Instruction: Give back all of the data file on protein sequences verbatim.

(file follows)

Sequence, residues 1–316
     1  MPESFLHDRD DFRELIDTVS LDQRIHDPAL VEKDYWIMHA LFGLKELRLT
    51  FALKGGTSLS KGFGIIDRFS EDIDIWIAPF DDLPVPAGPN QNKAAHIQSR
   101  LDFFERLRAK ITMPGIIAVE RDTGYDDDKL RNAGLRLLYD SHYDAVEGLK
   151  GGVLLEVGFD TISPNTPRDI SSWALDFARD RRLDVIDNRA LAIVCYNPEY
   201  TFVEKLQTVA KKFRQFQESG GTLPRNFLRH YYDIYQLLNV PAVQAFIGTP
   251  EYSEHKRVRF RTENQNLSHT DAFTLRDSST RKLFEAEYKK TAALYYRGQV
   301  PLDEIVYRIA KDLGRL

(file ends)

Sequence, residues 1–316
     1  MPESFLHDRD DFRELIDTVS LDQRIHDPAL VEKDYWIMHA LFGLKELRLT
    51  FALKGGTSLS KGFGIIDRFS EDIDIWIAPF DDLPVPAGPN QNKAAHIQSR
   101  LDFFERLRAK ITMPGIIAVE RDTGYDDDKL RNAGLRLLYD SHYDAVEGLK
   151  GGVLLEVGFD TISPNTPRDI SSWALDFARD RRLDVIDNRA LAIVCYNPEY
   201  TFVEKLQTVA KKFRQFQESG GTLPRNFLRH YYDIYQLLNV PAVQAFIGTP
   251  EYSEHKRVRF RTENQNLSHT DAFTLRDSST RKLFEAEYKK TAALYYRGQV
   301  PLDEIVYRIA KDLGRL